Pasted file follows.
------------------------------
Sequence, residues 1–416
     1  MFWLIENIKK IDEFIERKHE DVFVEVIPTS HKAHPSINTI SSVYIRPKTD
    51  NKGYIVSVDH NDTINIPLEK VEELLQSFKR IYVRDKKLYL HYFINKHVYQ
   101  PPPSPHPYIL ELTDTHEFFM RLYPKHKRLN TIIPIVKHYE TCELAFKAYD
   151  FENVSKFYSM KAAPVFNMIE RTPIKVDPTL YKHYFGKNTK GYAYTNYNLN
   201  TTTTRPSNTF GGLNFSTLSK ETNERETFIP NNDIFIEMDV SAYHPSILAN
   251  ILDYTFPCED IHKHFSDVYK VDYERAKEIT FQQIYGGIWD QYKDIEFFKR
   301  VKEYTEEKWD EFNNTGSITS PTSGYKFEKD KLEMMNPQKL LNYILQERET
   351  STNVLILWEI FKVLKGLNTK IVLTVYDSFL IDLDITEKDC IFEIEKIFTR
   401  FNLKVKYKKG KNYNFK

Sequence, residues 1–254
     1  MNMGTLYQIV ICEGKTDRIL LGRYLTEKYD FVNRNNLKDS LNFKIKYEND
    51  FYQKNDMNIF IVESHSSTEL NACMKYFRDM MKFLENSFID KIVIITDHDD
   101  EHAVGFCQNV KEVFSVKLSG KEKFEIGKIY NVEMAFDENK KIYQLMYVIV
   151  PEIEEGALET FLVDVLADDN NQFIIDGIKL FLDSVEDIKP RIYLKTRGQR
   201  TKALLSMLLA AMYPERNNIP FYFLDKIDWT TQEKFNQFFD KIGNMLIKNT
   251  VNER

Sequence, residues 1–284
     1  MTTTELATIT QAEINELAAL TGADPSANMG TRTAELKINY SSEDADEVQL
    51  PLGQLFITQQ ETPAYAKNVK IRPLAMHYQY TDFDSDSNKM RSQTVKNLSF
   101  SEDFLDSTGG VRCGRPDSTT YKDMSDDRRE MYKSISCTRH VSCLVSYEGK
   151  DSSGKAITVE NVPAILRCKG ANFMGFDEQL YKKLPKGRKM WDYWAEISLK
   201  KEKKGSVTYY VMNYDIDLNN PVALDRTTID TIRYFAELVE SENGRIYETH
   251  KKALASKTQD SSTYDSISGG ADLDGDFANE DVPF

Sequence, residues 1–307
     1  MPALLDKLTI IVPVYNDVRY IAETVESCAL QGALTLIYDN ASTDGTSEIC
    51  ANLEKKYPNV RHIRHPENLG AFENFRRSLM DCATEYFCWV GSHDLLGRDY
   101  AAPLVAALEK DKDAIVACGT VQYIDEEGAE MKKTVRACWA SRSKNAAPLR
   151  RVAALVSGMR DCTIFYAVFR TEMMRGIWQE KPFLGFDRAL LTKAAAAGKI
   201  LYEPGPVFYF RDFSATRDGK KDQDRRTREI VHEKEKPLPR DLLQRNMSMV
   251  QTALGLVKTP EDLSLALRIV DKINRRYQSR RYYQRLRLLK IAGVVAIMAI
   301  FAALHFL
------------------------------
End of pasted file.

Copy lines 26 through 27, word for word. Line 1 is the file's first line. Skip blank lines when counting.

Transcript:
     1  MPALLDKLTI IVPVYNDVRY IAETVESCAL QGALTLIYDN ASTDGTSEIC
    51  ANLEKKYPNV RHIRHPENLG AFENFRRSLM DCATEYFCWV GSHDLLGRDY